Postscripts – Switch paid off for Paul Smith
If Paul Smith’s experience is any indication, switching political parties could boost the political career of Rowan County Commissioner Tina Hall.
Hall announced Friday that she was shedding her Democrat affiliation to become a Republican.
Thirty years ago, Paul Smith made the same decision while he was on the county commission ó as chairman of the majority Democrat board.
“The Democrats would prefer that I sacrifice my principles for the party,” Smith said on Nov. 1, 1979. “Today I sacrificed the party.”
The dart appeared to be aimed at the party’s leadership, not his fellow commissioners.
Jamima DeMarcus, then chairman of the county Democratic Party, was not happy. “As the officially elected head and spokesman for the Rowan County Democratic Party, I emphatically deny that our party has ever asked or suggested that Paul Smith, or anyone else for that matter, sacrifice or compromise their principles,” DeMarcus said.
She had, however, sent Smith a letter suggesting that all county appointees should be Democrats.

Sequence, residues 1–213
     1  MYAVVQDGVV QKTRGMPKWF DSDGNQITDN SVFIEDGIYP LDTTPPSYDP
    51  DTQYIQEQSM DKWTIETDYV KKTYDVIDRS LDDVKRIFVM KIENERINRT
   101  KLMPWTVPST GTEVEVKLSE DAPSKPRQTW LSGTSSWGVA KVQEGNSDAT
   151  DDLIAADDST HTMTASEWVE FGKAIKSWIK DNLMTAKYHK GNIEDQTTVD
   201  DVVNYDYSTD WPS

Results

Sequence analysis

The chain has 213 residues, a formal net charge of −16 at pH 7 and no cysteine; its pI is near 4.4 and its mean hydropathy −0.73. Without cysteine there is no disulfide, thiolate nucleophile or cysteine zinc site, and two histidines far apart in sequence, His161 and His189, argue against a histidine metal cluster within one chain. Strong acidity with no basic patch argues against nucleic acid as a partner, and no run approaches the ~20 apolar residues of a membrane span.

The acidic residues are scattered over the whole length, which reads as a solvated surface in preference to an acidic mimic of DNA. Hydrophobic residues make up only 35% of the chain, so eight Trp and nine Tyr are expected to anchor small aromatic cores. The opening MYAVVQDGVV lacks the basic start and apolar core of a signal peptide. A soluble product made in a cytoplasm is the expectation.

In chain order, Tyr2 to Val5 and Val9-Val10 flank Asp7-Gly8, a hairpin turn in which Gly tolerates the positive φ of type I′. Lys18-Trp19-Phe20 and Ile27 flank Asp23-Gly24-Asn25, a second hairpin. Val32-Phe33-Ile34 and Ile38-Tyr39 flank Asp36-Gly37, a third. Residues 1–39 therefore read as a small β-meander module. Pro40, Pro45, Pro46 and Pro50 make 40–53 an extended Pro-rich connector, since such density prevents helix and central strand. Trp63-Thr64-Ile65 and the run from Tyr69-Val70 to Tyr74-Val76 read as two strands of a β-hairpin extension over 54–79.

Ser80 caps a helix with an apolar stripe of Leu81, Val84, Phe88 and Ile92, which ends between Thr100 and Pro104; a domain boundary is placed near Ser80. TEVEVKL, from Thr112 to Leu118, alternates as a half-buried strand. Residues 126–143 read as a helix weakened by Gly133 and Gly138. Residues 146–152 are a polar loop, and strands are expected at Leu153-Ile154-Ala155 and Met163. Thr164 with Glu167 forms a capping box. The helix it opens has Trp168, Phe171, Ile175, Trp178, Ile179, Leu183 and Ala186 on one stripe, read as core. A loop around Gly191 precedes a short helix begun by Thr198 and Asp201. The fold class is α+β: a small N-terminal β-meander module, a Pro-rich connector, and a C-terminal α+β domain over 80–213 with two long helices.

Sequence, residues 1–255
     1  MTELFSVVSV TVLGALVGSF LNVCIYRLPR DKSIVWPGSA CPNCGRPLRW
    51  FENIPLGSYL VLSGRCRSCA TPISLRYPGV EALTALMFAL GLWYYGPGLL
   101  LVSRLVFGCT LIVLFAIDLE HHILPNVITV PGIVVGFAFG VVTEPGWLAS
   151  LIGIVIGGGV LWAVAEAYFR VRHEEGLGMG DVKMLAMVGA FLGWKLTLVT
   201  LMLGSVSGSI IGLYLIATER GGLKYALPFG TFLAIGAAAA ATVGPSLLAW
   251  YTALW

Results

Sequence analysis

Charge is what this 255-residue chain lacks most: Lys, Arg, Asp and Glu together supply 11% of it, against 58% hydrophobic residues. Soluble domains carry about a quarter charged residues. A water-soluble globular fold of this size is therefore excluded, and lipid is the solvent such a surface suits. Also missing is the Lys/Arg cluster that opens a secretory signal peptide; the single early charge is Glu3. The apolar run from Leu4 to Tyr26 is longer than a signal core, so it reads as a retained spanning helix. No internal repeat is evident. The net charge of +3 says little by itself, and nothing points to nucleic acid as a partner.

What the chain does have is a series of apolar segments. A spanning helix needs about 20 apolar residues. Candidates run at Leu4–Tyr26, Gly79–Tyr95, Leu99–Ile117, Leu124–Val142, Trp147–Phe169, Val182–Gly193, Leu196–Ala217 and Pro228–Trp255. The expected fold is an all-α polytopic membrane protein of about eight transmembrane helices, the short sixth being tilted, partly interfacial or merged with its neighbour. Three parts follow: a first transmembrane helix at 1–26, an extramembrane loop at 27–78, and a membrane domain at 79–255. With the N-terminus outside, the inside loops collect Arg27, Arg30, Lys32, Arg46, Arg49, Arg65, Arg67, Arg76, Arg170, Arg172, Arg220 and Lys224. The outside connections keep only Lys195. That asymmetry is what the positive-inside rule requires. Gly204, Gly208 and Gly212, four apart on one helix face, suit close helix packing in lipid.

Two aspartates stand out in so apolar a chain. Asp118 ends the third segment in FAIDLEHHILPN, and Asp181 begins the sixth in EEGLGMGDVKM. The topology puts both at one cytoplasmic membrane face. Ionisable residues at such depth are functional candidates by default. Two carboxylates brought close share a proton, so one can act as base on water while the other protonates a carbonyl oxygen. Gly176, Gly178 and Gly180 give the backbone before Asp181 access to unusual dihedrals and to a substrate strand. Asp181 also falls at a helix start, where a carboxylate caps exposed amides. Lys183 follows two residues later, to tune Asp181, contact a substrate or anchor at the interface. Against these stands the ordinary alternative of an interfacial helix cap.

Smith may have been looking for a reason to switch, anyway. He had run for state Senate the previous year and lost to young Bob Davis in the Democratic primary. Smith tried again in 1980, this time as a Republican at an opportune time ó the same year Ronald Reagan won the White House. Smith was elected to the state Senate and went on to serve for some 16 years.
When the Rowan County Republican Party honored Smith with a retirement dinner in 1996, state Rep. Eugene McCombs reflected on the switch of 1979.
“The Democratic Party’s loss is our gain,” McCombs said. “I’m very glad, Paul, that you finally saw the light and came over to the Republican Party.”
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The political foundations of Raleigh shook last week when state Sen. Tony Rand announced he was leaving the legislature to head the State Parole Commission. First elected in the early 1980s, the Fayetteville Democrat has been one of the most powerful members of the state Senate ó and one of its most colorful speakers.
The News & Observer recently highlighted this quote from Rand, made in 2008 as he was explaining that the top issue for then-candidate Barack Obama was not a flag lapel pin but creating jobs, energy independence and solving the problems in the Middle East:
“If we can do those things, you know, he could walk around naked as far as I’m concerned and it would be fine.”
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Here’s a Factoid of the Week from the Public Forum, a N.C. education advocacy group:
New York Mayor Michael Bloomberg is estimated to have spent between $85 million and $100 million in his re-election bid ó enough to pay 2 percent across-the-board salary increase to North Carolina’s 95,000-plus teachers.